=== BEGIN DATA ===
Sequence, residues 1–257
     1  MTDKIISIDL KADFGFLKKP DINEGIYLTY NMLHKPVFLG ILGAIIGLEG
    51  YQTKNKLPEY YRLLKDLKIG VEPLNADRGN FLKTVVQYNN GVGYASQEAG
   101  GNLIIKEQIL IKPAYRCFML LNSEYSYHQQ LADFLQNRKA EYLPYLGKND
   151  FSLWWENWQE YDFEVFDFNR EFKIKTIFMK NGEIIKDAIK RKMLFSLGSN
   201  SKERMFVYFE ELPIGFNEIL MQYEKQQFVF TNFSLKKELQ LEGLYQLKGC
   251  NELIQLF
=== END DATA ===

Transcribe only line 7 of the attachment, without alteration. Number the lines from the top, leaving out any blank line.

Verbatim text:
   251  NELIQLF